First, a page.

Last week we wrote about how to manage the first hour of a Covid outbreak. This week we have some tips to help you with the following 23 hours. The Australian Government has produced a checklist for managing the first 24 hours of a COVID outbreak, but as we all know, these things are easy to read but hard to implement.
The Bug Control team thought that we’d expand a little on the major steps to help you anticipate the difficulties you might face while trying to manage a COVID outbreak.
Disclaimer: The order of tasks over the next 23 hours needs to be in line with your facility’s procedures.
1. Contact trace affected staff and residents and check vaccination status
You need to know who was potentially exposed to the affected resident and/or staff members, so contract tracing is crucial.
2. Arrange for staff and resident testing
The PHU will advise you so don’t jump ahead if you are unsure. They will also advise whether testing will be via RAT or PCR.
3. Have your first Outbreak Management Team (OMT) meeting
Your staff meetings and the Outbreak Management Meeting are separate although the information will be shared from both meetings. You will potentially feel overwhelmed with the tasks needed to be completed but this is an essential meeting to guide you through this outbreak, and especially the first 24 hours.
Take the relevant documents and information you have gathered and the checklist to help you organise your thoughts and ask the questions you need answers to.
4. Plan your staff roster
Once you have an idea of the potential impact of Covid in your facility, you can start planning staff rostering. Review your workforce management plan and make sure you are using your workforce as efficiently as possible. Consider options such as using furloughed staff and volunteers to relieve duties from the onsite staff or to run errands. If you can’t safely cover the roster, you will need to escalate.
5. Activate your communication plan
Your OMP should have a communication plan. You will need to notify the local PHU and Commonwealth Department of Health to meet your obligations and access government support. You may also need to report positive cases to WorkSafe. A strong communication plan and timely execution will have a direct effect on the high volume of calls and media contact – if people feel informed, they are less likely to call for reassurance.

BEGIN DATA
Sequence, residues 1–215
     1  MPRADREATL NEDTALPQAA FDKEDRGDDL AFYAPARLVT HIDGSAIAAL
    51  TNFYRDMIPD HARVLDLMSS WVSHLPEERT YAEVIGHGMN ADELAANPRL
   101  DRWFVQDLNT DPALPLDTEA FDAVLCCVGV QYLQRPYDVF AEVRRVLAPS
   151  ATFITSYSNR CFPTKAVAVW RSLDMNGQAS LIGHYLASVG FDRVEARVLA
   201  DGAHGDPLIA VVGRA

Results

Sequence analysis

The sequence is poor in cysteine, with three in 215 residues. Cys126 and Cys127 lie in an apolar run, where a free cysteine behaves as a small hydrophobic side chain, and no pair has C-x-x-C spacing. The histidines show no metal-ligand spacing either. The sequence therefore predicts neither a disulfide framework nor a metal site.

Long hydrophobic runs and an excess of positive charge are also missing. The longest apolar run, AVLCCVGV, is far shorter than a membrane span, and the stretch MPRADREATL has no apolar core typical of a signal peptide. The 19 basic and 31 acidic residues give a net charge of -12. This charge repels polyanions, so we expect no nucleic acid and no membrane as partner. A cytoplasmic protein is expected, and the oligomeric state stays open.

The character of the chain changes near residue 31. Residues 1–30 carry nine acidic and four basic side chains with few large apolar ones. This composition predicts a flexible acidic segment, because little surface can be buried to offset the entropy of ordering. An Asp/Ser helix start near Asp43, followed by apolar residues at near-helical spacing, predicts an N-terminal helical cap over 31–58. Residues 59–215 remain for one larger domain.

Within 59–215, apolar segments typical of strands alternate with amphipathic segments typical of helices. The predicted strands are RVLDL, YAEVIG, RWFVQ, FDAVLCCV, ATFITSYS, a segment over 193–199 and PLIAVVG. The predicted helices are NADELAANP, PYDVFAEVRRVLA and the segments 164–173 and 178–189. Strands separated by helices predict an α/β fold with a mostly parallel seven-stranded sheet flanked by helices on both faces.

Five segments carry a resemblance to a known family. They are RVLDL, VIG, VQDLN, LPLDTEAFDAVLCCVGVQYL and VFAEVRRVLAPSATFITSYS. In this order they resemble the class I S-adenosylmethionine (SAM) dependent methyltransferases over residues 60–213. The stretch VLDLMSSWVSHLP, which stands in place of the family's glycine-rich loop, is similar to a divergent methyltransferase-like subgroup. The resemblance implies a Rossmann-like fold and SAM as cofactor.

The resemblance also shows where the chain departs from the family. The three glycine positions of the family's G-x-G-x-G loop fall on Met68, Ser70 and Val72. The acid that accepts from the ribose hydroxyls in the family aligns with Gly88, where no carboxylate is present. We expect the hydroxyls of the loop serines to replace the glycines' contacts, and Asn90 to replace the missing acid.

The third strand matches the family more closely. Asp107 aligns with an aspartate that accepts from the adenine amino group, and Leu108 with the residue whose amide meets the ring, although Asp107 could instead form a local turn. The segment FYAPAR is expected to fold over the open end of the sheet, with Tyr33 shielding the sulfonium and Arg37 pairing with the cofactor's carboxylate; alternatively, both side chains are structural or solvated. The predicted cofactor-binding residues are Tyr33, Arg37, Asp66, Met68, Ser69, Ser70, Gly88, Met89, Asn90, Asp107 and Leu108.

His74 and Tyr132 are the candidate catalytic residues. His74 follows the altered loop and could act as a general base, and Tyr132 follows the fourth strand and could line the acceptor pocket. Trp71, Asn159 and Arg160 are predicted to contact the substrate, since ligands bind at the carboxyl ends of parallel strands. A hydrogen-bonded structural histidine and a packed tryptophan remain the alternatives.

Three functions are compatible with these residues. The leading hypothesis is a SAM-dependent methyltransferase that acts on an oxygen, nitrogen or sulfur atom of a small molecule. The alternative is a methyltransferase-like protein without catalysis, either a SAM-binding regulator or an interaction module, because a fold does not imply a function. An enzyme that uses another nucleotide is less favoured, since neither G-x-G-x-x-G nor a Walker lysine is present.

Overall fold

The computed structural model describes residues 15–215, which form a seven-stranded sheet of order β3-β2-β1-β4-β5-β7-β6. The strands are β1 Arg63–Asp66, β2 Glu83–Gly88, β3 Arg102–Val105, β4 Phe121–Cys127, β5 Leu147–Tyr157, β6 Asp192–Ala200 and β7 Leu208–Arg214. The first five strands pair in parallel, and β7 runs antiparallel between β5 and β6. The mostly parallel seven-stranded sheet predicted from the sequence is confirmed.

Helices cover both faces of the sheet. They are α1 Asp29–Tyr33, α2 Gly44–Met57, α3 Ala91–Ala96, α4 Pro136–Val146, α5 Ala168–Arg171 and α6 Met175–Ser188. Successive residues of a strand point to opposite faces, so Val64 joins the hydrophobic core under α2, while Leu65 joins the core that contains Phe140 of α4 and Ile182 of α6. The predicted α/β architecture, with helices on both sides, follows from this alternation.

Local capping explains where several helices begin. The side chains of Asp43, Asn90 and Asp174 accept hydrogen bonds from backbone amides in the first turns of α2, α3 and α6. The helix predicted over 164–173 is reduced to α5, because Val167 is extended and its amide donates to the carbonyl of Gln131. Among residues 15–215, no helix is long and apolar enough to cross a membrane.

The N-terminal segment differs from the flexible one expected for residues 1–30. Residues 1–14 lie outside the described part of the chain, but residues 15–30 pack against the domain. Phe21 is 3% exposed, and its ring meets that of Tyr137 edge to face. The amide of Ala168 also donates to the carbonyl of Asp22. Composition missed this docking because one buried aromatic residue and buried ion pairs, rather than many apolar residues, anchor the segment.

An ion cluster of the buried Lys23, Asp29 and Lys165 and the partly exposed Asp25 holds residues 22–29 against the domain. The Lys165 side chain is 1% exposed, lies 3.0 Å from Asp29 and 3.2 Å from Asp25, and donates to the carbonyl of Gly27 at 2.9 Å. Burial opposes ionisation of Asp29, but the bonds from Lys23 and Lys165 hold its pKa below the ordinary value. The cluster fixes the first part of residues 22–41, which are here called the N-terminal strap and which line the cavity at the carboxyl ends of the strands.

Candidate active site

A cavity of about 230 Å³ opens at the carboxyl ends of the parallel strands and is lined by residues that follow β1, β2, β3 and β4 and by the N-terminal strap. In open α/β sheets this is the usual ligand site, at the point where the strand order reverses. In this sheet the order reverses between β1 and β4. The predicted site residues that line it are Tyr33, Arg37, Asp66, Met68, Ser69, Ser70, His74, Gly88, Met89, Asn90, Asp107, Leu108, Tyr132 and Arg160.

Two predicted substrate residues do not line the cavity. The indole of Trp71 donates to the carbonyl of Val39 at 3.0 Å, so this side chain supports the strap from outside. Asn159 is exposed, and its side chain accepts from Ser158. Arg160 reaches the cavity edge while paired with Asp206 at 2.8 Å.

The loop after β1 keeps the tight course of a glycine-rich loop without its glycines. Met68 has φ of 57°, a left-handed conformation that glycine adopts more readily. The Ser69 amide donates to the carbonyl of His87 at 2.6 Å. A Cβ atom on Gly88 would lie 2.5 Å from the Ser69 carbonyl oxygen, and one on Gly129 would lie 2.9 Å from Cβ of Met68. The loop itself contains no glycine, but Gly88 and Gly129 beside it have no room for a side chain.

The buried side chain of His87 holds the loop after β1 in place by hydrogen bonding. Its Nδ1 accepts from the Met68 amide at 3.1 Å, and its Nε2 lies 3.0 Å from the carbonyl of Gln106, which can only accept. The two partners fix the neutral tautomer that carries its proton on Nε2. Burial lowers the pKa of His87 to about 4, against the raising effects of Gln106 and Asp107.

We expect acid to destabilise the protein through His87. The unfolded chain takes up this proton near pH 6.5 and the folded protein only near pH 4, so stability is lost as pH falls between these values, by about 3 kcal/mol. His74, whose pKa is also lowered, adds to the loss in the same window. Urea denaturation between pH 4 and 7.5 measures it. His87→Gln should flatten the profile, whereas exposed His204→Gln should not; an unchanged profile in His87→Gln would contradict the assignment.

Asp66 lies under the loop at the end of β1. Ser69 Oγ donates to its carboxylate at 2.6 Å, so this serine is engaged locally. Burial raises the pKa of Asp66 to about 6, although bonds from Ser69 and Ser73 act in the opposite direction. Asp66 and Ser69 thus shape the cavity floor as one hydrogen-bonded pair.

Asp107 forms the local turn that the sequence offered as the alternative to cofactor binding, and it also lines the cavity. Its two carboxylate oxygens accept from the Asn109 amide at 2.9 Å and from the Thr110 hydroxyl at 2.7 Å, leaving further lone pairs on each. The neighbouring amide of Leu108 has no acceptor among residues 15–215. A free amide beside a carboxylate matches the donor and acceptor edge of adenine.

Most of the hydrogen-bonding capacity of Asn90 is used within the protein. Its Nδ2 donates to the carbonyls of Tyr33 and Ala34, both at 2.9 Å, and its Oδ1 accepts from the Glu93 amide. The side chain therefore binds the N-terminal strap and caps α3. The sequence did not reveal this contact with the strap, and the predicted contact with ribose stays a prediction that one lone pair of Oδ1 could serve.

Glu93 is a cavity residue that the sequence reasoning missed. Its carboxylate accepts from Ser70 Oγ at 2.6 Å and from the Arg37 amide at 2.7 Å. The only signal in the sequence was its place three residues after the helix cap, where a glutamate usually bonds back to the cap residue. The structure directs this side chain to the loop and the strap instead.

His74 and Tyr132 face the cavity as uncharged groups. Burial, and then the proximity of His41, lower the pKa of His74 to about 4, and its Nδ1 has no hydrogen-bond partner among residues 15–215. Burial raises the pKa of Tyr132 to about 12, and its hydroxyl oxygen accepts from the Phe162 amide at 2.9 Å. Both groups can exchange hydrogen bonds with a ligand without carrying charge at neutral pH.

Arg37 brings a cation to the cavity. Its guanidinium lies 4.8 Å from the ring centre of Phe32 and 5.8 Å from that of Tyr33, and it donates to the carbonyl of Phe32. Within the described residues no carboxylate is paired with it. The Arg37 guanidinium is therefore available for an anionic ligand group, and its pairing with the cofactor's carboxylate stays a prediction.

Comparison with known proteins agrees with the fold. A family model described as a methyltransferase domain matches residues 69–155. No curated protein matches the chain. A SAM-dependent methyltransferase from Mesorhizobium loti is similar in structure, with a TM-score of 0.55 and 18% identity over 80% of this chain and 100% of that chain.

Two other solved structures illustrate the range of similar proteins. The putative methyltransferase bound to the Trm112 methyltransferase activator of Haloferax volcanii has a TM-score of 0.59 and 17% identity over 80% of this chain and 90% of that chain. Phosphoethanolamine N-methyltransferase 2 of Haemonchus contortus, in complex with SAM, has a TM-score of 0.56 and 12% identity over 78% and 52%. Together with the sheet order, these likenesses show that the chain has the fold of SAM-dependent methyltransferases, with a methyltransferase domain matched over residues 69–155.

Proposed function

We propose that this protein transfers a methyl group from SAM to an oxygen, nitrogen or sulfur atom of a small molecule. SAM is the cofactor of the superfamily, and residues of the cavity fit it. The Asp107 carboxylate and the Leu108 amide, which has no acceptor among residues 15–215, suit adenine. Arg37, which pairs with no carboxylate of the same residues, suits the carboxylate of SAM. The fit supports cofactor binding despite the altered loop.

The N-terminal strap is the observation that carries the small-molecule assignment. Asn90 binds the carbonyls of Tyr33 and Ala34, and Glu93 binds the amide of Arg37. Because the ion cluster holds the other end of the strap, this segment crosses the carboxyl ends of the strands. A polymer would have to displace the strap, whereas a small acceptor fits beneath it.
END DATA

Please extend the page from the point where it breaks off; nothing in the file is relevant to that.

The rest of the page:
6. Maintain and organise leadership structure for continuity of care (IPC lead)
Your OMP should specify the command-based governance structure to be implemented during an outbreak. Senior leadership should be onsite at all times, and there should be comprehensive handover information that is suitable for shift changes and relief staff.
7. Maintain prior care routines and social contact
Feelings of disconnection and uncertainty can have a direct impact on resident health. It’s crucial that as much normality is maintained as possible, where staffing levels allow. Social contact should continue where possible, and use technology facetime, zoom to make contact more accessible.
8. Cohort and zone
Saying this is easy, but doing it presents a variety of struggles. Cohorting with reduced staffing is difficult. It’s hard enough to move the resident and all their belongings when you don’t have the manpower, but you also need to reduce anguish and confusion for an already compromised resident. This is a situation you need to address at the time with the support of the Outbreak Management Team and PHU.
9. Improve PPE and environmental cleaning
The environment is an important part of infection control management. Cleaning needs to be increased in line with your OMP. Cleaning staff also need to cohort, so remember there may be further training required for staff who are covering for others or who are new to the facility. Make sure the staff and the cleaning staff are aware of their roles and responsibilities when it comes to cleaning isolation rooms, zones etc.
10. The rest of the facility
When managing the first 24 hours it is easy to forget that there is still a facility full of residents needing clinical governance and routine cares, meals, showers, wound care etc. Consider who can provide this and give clear instruction regarding the identification and reporting of symptoms from all residents.
These can be ready in advance and ready to go. A clear and simple outline of the floor plan of your facility is essential. You can also include resources to support the potential of a surge workforce, associated policies and procedures with the OMP. Having them in one place as printed copies will be an advantage.
If you have a fatigue management plan refer to this and start putting actions into place. Ask the questions how much sleep they had. Was it good sleep? Managing the roster and ensuring the staff you do have are not compromised is key.
Don’t underestimate the impact on the wellbeing of the staff. We are all fighting our own war, as they say, and this event will have an effect on staff members’ resilience.
Stay up to date
As we said in the beginning, it seems information changes hour to hour so assign a staff member download the app and stay up-to-date with the changes as they happen.
Remember all good emergency advice starts with putting the oxygen mask on yourself first. Managers need a support person assigned to them for the Covid event and their hours and their wellbeing must be an equal priority.
Managing outbreaks is stressful. Having the right tools and processes in place makes a big difference. If your facility needs better processes or more infection prevention support, call Bug Control. From staff education to facility audits to comprehensive policy manuals and guides, we have a range of resources to help you stop infections.
Don’t take our word for it. Here are some more resources so that you can be ready when COVID comes to your facility: